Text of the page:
Entrepreneurs, inventors and innovators — both men and women — have been making history for centuries. It was just 31 years ago that President Jimmy Carter issued the first-ever Presidential Proclamation in recognition of Women’s History to recognize, honor, and celebrate the achievements of American women. In that Proclamation he stated, “Too often the women [in our history] were unsung and sometimes their contributions went unnoticed. But the achievements, leadership, courage, strength and love of women who built America was as vital as that of the men whose names we know so well.”
So three decades on, with the benefits of that recognition and so many strides made for women, how do we continue to make history? While we rarely set out to “make history” with our ideas, we peruse those ideas out of the desire to make valuable change. And like everything else you want to succeed at, making change requires commitment, focus, and discipline, and begins with pure imagination.
For example, I didn’t start out thinking Take Our Daughters to Work Day would make history. The idea came to me while attending a retirement dinner for my father. I sat there looking around at all the people he had worked with over the course of his career, and thought about how meeting all those people and watching them build careers doing work that they love had influenced the choices in my own life. Those choices included going to college. In fact, my sister Claire and I were the first women in our family to graduate college. It occurred to me that every girl could benefit and grow through the same kinds of experiences and that a change was needed in how we thought about preparing young women for the future.
In 1995, when Arianna Huffington announced the launch of The Huffington Post, then a bold new concept in news delivery, many in the media world thought her idea was crazy. But she stuck with her vision and as the awards came and her company’s reputation grew, so did its value. Last month, AOL bought the Huffington Post, instantly creating one of the biggest media companies in the world. The price: $315 million. In my lifetime, I don’t know of any other singular woman selling a company for more than $300 million.
So, what is your vision? If you could be known for something, what would it be? Here are my ideas on building a path to making your own history:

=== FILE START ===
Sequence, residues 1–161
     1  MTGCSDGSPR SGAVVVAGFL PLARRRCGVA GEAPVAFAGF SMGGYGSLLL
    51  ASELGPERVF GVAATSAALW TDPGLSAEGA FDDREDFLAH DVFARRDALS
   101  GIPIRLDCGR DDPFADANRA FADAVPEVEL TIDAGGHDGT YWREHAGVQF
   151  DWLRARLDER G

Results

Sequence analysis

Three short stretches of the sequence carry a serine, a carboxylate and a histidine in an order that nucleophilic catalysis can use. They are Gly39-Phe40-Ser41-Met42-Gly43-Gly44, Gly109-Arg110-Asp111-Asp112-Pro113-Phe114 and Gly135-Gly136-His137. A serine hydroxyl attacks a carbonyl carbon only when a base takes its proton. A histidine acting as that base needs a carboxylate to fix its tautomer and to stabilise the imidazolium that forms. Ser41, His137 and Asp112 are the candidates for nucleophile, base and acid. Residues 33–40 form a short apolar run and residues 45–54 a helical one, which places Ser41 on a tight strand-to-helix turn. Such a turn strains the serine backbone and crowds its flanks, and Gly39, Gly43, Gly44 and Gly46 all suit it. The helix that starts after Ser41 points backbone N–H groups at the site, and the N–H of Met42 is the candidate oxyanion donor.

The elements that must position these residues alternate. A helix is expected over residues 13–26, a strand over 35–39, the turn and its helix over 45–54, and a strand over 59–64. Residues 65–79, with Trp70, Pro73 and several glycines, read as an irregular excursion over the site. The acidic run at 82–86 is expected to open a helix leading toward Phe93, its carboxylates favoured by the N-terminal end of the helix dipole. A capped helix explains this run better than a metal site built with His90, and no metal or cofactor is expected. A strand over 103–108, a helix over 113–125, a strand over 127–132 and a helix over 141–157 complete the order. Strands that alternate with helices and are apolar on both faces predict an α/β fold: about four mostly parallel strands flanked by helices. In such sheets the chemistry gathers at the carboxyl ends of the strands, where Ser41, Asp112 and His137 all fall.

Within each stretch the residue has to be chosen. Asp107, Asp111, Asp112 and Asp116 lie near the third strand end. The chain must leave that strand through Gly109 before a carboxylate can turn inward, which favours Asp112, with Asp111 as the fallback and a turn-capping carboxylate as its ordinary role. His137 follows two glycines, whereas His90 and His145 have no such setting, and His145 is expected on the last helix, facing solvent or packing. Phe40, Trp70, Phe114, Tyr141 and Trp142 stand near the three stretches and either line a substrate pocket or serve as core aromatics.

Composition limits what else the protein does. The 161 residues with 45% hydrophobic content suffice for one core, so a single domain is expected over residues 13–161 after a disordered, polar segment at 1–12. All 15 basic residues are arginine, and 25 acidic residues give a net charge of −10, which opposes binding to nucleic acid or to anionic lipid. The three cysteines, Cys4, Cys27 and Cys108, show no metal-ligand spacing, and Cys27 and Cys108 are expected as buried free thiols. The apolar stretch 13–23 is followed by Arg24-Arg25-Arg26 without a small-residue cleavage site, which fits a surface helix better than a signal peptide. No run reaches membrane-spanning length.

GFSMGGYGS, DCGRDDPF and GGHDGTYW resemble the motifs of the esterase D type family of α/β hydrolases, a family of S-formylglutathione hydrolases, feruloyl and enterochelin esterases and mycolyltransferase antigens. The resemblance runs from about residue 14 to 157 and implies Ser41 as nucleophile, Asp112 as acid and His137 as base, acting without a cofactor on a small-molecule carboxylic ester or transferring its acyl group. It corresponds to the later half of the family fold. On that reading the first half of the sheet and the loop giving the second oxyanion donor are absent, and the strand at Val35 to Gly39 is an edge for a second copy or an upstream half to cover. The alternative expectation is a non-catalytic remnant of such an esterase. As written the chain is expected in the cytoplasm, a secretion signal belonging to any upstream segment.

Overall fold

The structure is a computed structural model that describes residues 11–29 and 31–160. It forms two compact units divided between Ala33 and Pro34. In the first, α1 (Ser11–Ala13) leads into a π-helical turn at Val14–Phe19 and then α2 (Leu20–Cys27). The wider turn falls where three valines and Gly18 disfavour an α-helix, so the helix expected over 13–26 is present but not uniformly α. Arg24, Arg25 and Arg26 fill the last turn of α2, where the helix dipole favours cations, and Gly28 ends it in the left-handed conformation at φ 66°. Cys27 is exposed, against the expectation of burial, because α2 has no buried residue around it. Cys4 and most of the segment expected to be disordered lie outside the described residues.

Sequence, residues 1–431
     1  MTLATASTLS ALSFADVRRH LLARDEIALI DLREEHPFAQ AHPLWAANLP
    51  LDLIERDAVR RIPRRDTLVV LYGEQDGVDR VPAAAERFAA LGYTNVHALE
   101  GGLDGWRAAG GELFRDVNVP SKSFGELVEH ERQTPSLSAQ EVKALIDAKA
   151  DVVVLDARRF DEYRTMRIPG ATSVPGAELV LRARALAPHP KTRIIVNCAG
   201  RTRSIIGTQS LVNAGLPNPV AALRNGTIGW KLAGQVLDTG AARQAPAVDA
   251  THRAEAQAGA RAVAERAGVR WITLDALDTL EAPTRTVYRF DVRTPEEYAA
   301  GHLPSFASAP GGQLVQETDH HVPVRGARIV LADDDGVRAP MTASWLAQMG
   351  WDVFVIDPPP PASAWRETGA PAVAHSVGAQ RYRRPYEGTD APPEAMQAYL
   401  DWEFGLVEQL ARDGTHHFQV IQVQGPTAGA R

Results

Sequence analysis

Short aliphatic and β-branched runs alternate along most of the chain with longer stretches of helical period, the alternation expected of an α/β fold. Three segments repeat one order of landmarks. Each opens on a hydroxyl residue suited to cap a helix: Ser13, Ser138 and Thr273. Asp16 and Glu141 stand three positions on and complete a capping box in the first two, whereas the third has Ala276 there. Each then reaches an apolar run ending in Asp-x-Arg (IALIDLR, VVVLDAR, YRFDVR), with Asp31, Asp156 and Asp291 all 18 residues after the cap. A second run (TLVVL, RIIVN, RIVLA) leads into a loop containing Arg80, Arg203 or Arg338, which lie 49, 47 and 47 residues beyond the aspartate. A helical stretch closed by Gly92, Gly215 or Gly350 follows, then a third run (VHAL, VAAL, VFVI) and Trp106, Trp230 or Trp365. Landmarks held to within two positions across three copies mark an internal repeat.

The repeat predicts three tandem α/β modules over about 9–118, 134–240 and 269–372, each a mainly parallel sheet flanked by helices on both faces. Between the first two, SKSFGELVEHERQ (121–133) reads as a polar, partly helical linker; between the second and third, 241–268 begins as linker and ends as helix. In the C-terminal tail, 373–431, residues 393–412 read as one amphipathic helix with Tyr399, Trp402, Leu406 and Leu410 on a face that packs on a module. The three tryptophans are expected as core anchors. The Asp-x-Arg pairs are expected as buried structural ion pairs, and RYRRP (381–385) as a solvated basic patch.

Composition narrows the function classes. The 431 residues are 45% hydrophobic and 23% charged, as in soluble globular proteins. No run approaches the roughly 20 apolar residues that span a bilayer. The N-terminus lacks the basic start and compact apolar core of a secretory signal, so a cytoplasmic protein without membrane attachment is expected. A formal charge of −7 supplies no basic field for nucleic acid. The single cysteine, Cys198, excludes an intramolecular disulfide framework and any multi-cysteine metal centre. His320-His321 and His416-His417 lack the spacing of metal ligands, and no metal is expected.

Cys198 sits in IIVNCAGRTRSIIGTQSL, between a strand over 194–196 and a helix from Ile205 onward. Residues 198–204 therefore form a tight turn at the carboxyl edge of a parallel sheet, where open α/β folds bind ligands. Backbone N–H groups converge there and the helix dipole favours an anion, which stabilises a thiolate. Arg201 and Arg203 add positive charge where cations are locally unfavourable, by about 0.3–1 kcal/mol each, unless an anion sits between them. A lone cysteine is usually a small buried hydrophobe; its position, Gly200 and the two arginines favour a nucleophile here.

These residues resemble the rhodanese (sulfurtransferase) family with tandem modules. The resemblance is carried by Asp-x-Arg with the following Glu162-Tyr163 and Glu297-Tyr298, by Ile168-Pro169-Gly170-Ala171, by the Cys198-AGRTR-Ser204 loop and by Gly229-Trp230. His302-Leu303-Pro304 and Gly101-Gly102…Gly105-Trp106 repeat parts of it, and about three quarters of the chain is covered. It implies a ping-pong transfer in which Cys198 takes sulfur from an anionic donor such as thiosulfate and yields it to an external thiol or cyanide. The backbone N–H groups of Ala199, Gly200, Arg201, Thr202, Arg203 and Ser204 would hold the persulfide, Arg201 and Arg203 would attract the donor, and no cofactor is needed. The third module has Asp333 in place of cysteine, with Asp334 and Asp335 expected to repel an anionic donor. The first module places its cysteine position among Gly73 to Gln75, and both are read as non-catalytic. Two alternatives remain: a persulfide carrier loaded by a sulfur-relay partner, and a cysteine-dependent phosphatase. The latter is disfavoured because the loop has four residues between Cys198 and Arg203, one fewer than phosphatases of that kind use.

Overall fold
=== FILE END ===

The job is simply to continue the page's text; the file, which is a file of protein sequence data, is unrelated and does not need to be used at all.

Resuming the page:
- Know your own history — Are you the first in your family to own a business or attend college? Whatever it is, you are paving new ground and it’s so important to record all of these firsts for our children. Do some research on websites like Ancestry.com to see what firsts you might claim in your family history.
- Discover the history makers in your community — Are there women in your field that were firsts in that industry? In your community, did your town elect its first woman mayor or chamber of commerce member in your lifetime? Reach out to these leaders and learn from their path to history and it might inspire your own.
- Look for opportunities to make history — Chances are, opportunities are within your reach to make history. Could introducing an innovation in your company change the way business is done in your field? That’s what happened to Dr. Nancy Tranchel, an entrepreneur in Vienna, Viriginia, and a member of our Make Mine a Million $ Business community. She is one of the only women performing refractive surgeries in the country and the first woman in the world to have the femtosecond laser in her center. Her business — her history!
In addition, by pitching your business at our upcoming Make Mine a Million event in Denver on April 4, you — or your wife, sister, or daughter — can become part of history as we gather the largest group of women ever to pitch their businesses at a single event. Learn more at www.makemineamillion.org/events or follow us on Twitter @M3Award.
March is Women’s History Month. Take some time to remember those who have worked so hard to make it possible for women in business to succeed today, and how you can be a party to making women’s history in the future!